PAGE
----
Summer holidays are a great opportunity to truly relax and catch up on all that much missed sleep. However, the excitement of vacation is often dampened by restless nights and groggy mornings, with peaceful sleep only a distant memory of home.
Here, our experts look at the most common reasons for sleep difficulties when travelling, plus some handy tips on how to sleep on holiday and tackle travel insomnia.
Sleep anxiety while travelling is not uncommon. The fear of not being able to go to sleep or stay asleep unfortunately makes it much harder for us to nod off. This is also known as travel insomnia, and even frequent travellers can suffer from it. This problem is further compounded if you feel there are things at stake, such as being too tired the next day to enjoy your valuable time off.
It’s easy to say not to worry about it, but sleep anxiety and travel insomnia are involuntary. Instead, you should try not to obsess over it, and focus on implementing a healthy sleep routine while you are away, which we will go into in a little more detail later.
Sleeping before a holiday
Sleeping better on your holiday starts with trying to get enough quality sleep before you leave. We often sacrifice our pre-holiday sleep in favour of last-minute packing or trying to finish off extra work tasks, telling ourselves that we will catch up while we are away. However, this strategy will only throw off your natural sleep rhythm and you may end up even more tired because you can’t catch up. At best, you’ll probably oversleep and miss a lot of the first couple of days of your well-earned time off!
Be sure to prioritise a normal bedtime routine in the run up to your holiday and if you have an early morning flight, try and get at least a few hours of sleep beforehand rather than staying up with the intention of sleeping on the plane - you can do that anyway!
Sleeping in a new environment
It is normal for people to sleep badly on the first night in a strange bed, as our body struggles to adjust to unfamiliar environments. Our brains are trained to protect us in vulnerable situations, just as birds and dolphins stay alert for predators whilst asleep.
New hotel rooms fall into this category, and we often remain in a ‘ready for action’ state of vigilance, scanning for threats and any signs of danger. We recommend staying in the same hotel room/chain if you travel regularly, or recreating your bedroom in your hotel room (as much as possible) to convince your brain you’re safe.
Optimum sleep temperature
The optimum sleep temperature is between 16 and 19 degrees, and nights are often hotter abroad. If the temperature of the room is too high this can lead to restlessness and affect REM sleep, (characterised by more dreaming and bodily movement, and faster pulse and breathing). To sleep better in the holiday heat, try placing a cool flannel on your head, investing in a portable fan or sipping ice water to beat the heat.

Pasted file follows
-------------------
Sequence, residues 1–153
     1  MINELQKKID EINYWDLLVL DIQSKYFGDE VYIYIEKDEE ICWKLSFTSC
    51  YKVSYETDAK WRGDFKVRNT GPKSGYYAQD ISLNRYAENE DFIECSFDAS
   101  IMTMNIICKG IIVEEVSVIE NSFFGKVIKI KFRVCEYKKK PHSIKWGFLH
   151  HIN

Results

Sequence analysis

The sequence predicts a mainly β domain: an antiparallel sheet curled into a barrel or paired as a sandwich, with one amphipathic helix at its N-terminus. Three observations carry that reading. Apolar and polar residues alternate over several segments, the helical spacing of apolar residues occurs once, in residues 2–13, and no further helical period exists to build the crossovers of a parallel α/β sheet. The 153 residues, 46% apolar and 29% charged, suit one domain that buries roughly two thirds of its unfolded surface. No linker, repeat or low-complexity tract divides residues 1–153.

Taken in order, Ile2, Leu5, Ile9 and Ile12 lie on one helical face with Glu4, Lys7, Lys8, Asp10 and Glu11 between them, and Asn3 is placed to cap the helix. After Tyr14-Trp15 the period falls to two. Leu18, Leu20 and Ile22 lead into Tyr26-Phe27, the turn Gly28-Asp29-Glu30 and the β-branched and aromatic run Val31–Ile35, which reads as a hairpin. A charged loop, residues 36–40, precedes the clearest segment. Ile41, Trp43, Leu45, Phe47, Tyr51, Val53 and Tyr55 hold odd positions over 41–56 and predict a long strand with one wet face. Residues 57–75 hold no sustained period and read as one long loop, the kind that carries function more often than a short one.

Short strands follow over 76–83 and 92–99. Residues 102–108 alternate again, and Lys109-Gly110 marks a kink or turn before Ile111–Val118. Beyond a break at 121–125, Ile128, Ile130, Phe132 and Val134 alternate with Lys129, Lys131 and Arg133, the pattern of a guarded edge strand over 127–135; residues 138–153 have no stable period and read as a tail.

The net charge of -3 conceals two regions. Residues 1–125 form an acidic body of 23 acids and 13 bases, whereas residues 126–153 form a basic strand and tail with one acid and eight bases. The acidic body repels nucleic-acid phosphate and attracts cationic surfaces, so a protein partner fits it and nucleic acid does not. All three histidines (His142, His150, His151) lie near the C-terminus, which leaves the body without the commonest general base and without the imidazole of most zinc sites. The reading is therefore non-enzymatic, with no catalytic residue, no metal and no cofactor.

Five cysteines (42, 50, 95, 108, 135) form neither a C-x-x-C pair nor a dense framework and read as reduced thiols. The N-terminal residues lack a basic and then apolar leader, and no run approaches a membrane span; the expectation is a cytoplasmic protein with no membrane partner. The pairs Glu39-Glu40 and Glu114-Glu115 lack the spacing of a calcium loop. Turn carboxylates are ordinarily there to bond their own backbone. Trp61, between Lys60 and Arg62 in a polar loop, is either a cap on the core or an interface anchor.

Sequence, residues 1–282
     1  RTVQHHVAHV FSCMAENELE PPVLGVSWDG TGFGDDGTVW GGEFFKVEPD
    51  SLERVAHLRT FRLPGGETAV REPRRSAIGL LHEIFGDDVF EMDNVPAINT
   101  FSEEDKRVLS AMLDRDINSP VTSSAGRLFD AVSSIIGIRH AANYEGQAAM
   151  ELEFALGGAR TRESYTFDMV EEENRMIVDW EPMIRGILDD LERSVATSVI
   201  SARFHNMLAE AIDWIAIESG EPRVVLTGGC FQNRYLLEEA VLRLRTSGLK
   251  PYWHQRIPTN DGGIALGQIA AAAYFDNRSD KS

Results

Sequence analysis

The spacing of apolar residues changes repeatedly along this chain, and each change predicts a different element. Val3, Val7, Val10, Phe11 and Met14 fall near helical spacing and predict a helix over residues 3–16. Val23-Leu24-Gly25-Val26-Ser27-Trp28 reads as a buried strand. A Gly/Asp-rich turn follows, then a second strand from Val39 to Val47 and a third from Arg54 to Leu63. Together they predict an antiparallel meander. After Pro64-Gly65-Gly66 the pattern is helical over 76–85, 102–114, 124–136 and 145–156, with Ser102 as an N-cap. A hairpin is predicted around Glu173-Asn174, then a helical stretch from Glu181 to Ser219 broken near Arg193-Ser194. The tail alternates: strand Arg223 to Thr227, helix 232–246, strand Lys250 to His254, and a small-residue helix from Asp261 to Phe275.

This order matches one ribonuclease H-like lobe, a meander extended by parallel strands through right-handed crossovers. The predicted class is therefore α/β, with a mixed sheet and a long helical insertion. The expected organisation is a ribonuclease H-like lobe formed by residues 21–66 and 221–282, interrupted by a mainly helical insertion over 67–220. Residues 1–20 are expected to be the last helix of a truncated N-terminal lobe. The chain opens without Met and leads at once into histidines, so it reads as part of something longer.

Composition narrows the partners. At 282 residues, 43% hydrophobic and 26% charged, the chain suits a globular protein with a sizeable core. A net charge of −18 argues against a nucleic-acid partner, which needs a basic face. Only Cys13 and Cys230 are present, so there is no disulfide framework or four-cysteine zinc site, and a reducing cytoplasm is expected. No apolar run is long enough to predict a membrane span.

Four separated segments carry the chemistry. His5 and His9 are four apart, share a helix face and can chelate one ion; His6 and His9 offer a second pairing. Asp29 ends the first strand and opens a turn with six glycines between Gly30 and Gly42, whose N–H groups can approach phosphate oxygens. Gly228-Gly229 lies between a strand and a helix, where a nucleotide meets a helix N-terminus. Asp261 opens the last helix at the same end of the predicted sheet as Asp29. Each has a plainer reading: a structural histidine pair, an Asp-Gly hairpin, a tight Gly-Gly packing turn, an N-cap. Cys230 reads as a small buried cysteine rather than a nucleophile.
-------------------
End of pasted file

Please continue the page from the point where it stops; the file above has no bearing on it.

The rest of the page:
You are likely to have spent considerable time and money investing in the right mattress that meets your every need. Obviously you can’t take your bed or your mattress on holiday with you, however you might be able to pack your pillow, which will make the transition easier. Not only will your pillow have a familiar smell and texture, but the comfort and support will be right for you and could make the difference between poor sleep and better quality holiday sleep.
Creating a holiday bedtime routine
Ear plugs, an eye mask and a warm shower is your new holiday bedtime mantra. Good ear plugs will mute noisy hotel guests and unusual sounds that don’t normally feature on your night time soundtrack. An eye mask is a great help if your curtains are particularly thin, and will block out the sunlight if you rise later than normal due to irregular bedtimes. Lastly, give yourself ample time to de-stress before bed, and take a warm shower or bath to signal to the brain that it is time to sleep.
Other little tricks include opening a window to increase air circulation and ventilate the room, incorporating a brisk walk into your daily routine and not drinking close to bedtime. A 20 minute afternoon nap between 1pm and 4pm can invigorate your day and boost productivity, but will not affect your sleep at night, and home comforts like fluffy socks and a cuddly toy can be soothing.
Opt for an ecological hotel
Finally, studies have shown that unfamiliar pesticides and cleaning chemicals can also keep us awake. An 'ecologically fresh' bedroom allows the human body to relax, which in turn means a better night's sleep. To help with this, you could stay at one of our luxury partner hotels that guarantee natural, ecological and sustainable rest.
Getting a good night’s sleep on holiday should be part of the enjoyment, not a source of anxiety, and by following these tips, you should be able to alleviate your travel insomnia, and bank on a much more restful and happy holiday.
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